Sunday, April 12, 2015

First 5 Pages April Workshop - Harrington Rev 1

Name: Sarah Harrington
Genre: Young Adult Science Fiction
Title: Of Time and Blood
Some Timekeepers saw the Schedules as a rigid set of rules never to be broken, but I figured a little creative interpretation never hurt anyone.
The dust was thick in the air and heavy on my tongue as I inhaled. With every breath, history took root in my lungs. A flowery perfume tried to hide the musty scent, but the smell of years long gone still lived on in the antique store. 
“Change of plans,” I said as my assignment partner rounded the corner of the aisle. He jumped out of the way to avoid sending a teetering pile of old books crashing to the floor. 
“Why do you always do this, Mik?” Trent closed his eyes and sighed. “What was wrong with the original plan?”
“The Schedules never account for personality, so it’s too simple for a guy like that. Some people need a gentle push and others need a shove. This one definitely needs a shove.” If this was my last assignment, I was going to make damn sure we did it right.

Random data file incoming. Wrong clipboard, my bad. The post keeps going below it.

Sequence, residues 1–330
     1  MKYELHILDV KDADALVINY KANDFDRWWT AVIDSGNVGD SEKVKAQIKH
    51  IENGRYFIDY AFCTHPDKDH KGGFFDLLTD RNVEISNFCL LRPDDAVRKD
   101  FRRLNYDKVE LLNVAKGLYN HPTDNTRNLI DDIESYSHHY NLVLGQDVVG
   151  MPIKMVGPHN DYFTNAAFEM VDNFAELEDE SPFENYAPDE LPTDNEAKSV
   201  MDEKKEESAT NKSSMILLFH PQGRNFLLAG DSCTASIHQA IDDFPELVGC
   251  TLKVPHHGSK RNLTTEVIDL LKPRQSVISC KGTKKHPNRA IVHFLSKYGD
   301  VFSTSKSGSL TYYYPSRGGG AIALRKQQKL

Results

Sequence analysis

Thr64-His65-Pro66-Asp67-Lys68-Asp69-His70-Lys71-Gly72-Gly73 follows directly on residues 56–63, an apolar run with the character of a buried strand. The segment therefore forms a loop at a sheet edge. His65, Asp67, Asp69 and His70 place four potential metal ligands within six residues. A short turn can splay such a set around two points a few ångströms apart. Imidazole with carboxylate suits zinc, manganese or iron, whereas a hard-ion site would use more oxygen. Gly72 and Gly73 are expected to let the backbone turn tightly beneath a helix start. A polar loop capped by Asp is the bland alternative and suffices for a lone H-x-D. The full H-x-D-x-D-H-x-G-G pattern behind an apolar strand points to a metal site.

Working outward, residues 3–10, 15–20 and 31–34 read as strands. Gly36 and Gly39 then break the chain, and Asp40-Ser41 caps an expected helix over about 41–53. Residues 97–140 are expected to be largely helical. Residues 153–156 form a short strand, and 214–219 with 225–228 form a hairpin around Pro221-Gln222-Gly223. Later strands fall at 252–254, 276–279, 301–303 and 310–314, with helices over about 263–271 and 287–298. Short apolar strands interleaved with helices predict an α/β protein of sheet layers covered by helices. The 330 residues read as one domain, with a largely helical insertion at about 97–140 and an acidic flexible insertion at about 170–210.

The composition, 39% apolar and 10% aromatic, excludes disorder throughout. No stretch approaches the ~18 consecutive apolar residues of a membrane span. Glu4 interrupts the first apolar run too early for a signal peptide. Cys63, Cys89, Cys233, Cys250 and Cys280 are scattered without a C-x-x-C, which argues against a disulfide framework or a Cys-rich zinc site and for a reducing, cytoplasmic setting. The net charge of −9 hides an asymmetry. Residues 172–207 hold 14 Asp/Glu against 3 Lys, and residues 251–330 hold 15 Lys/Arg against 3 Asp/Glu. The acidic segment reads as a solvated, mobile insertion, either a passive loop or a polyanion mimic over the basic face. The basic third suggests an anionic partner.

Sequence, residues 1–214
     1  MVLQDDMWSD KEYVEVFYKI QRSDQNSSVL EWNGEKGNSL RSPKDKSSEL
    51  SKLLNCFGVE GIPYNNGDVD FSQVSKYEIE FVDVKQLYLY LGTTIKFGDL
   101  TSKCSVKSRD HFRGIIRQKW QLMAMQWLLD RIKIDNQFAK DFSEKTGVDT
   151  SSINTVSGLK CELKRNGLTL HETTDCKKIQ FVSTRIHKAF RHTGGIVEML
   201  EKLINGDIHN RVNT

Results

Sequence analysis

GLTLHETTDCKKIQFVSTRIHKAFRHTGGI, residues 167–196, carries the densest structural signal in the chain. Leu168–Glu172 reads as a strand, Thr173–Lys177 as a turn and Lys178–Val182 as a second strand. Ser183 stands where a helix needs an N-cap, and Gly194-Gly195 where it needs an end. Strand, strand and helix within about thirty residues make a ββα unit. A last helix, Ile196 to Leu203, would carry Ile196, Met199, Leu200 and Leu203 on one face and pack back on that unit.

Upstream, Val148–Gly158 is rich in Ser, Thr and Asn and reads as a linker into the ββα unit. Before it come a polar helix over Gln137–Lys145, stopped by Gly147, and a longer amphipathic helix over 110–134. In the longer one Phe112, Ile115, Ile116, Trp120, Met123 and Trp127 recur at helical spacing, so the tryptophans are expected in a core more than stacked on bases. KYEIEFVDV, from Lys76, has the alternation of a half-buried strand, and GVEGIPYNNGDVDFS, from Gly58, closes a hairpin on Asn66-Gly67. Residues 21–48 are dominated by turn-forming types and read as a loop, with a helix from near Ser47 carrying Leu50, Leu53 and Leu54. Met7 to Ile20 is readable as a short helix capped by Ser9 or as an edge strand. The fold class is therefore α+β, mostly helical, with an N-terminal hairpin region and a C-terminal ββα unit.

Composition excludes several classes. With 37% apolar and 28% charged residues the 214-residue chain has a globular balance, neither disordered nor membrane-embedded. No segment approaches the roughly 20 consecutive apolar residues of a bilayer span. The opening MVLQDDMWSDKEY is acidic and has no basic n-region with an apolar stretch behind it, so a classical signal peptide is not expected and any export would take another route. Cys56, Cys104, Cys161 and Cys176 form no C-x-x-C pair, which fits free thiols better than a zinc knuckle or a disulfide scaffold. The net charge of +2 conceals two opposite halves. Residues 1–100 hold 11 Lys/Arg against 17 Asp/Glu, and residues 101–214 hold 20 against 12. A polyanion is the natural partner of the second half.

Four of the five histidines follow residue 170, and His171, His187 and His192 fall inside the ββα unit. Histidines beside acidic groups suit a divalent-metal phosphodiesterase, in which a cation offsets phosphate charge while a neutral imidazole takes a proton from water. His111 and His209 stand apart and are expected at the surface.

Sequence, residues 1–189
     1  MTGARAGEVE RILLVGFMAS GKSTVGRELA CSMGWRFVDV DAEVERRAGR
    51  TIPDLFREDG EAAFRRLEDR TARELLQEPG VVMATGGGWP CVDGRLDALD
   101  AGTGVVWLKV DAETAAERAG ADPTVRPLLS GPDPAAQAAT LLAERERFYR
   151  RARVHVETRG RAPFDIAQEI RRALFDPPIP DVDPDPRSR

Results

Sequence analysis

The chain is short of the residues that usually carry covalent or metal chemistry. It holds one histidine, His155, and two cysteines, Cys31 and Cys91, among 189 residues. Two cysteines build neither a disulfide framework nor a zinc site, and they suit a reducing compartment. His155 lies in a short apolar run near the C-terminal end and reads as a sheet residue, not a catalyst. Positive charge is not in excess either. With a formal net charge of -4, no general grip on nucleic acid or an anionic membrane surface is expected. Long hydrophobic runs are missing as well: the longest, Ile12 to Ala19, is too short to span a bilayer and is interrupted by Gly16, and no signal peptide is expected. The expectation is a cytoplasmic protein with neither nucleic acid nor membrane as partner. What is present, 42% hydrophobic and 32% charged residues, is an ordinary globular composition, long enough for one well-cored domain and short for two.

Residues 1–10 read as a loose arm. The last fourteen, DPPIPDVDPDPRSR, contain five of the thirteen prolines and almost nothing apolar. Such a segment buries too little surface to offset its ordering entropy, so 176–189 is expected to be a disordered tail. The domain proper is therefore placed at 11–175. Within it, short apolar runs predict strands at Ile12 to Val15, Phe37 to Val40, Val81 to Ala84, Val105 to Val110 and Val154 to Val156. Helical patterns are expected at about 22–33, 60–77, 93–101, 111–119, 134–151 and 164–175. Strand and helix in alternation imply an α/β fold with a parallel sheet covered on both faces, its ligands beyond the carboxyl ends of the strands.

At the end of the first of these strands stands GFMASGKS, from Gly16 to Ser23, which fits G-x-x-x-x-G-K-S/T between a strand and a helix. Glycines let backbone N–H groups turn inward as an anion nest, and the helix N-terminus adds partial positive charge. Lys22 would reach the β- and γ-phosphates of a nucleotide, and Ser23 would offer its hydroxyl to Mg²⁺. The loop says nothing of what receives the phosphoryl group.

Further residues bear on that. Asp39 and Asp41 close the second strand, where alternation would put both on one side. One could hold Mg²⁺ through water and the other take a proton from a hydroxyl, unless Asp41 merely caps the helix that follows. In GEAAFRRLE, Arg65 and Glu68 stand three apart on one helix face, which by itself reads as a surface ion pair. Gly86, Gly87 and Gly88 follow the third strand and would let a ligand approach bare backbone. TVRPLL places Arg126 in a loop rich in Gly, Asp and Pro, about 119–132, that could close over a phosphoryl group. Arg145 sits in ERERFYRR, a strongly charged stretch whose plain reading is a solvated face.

Trent moved beside me and we looked towards our target.
Twenty-six-year-old Joseph Bolland stood on the far side of the store with stiff shoulders and a straight back.. The window behind him, dirtied with years of grime, let in very little light. Even with the dingy overhead lamps, the wine decanter in his hands was barely visible.
I ran through my mental checklist for matchmaking assignments. The briefing was on point with almost everything, but it had failed to mention that Joseph was a real jerk.
Trent’s voice sliced through my annoyance. “What’d he do to piss you off?”
“Elbowed me out of the way. He was muttering about how rowdy teenagers don’t deserve to be in a place like this. Apparently we ‘don’t appreciate the history behind the objects’.” I dropped my voice as low as I could, feeling the vibrations in my chest, to imitate Joseph’s grating tone.
We stood at the back of the antique store, surrounded by old figurines and bits of secondhand kitchen equipment. Although most of my focus was on Joseph, I could just make out our secondary target in my periphery. Coraline stood behind the cash register with her lips pursed and fingers drumming on the counter. Her eyes were trained on us and I could almost hear her mentally screaming at us to get out of her precious shop.
I ached to tell Coraline that nothing about me wanted to be in this dusty old store with uninteresting and poorly maintained items. We were only there to set her up with her future husband and we would certainly appreciate not having to operate under the shopkeeper’s icy glare the entire time.